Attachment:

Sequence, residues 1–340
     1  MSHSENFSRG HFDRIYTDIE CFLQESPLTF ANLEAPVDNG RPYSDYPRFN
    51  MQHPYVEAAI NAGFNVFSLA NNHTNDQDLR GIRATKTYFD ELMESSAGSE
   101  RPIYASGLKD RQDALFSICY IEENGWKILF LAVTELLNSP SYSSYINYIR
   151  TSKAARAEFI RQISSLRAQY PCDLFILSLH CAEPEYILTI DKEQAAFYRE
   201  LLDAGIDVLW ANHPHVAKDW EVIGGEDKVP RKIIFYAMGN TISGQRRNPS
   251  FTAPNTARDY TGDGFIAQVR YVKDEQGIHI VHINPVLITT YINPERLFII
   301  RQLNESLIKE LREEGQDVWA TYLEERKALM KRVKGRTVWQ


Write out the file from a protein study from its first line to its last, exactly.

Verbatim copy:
Sequence, residues 1–340
     1  MSHSENFSRG HFDRIYTDIE CFLQESPLTF ANLEAPVDNG RPYSDYPRFN
    51  MQHPYVEAAI NAGFNVFSLA NNHTNDQDLR GIRATKTYFD ELMESSAGSE
   101  RPIYASGLKD RQDALFSICY IEENGWKILF LAVTELLNSP SYSSYINYIR
   151  TSKAARAEFI RQISSLRAQY PCDLFILSLH CAEPEYILTI DKEQAAFYRE
   201  LLDAGIDVLW ANHPHVAKDW EVIGGEDKVP RKIIFYAMGN TISGQRRNPS
   251  FTAPNTARDY TGDGFIAQVR YVKDEQGIHI VHINPVLITT YINPERLFII
   301  RQLNESLIKE LREEGQDVWA TYLEERKALM KRVKGRTVWQ